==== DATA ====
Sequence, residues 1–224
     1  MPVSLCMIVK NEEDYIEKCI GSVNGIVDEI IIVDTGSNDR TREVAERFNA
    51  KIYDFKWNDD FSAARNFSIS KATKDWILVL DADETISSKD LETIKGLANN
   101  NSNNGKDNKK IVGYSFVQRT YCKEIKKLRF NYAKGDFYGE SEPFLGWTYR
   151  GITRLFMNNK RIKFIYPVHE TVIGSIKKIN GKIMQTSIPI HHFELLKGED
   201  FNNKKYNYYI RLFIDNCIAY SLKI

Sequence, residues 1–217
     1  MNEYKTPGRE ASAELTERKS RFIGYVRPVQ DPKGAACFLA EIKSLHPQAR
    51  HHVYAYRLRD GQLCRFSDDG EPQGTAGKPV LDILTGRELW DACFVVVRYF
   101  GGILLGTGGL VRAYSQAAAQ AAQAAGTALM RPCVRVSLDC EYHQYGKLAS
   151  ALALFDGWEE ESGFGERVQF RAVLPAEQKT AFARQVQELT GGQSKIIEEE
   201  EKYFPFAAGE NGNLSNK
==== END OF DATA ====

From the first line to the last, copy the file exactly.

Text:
Sequence, residues 1–224
     1  MPVSLCMIVK NEEDYIEKCI GSVNGIVDEI IIVDTGSNDR TREVAERFNA
    51  KIYDFKWNDD FSAARNFSIS KATKDWILVL DADETISSKD LETIKGLANN
   101  NSNNGKDNKK IVGYSFVQRT YCKEIKKLRF NYAKGDFYGE SEPFLGWTYR
   151  GITRLFMNNK RIKFIYPVHE TVIGSIKKIN GKIMQTSIPI HHFELLKGED
   201  FNNKKYNYYI RLFIDNCIAY SLKI

Sequence, residues 1–217
     1  MNEYKTPGRE ASAELTERKS RFIGYVRPVQ DPKGAACFLA EIKSLHPQAR
    51  HHVYAYRLRD GQLCRFSDDG EPQGTAGKPV LDILTGRELW DACFVVVRYF
   101  GGILLGTGGL VRAYSQAAAQ AAQAAGTALM RPCVRVSLDC EYHQYGKLAS
   151  ALALFDGWEE ESGFGERVQF RAVLPAEQKT AFARQVQELT GGQSKIIEEE
   201  EKYFPFAAGE NGNLSNK